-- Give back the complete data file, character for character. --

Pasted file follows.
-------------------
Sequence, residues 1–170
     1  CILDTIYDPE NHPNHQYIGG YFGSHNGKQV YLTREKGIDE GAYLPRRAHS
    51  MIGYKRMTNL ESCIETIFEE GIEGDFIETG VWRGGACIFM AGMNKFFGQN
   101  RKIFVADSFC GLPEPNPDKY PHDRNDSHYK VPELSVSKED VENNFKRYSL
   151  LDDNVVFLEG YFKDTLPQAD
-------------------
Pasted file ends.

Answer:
Sequence, residues 1–170
     1  CILDTIYDPE NHPNHQYIGG YFGSHNGKQV YLTREKGIDE GAYLPRRAHS
    51  MIGYKRMTNL ESCIETIFEE GIEGDFIETG VWRGGACIFM AGMNKFFGQN
   101  RKIFVADSFC GLPEPNPDKY PHDRNDSHYK VPELSVSKED VENNFKRYSL
   151  LDDNVVFLEG YFKDTLPQAD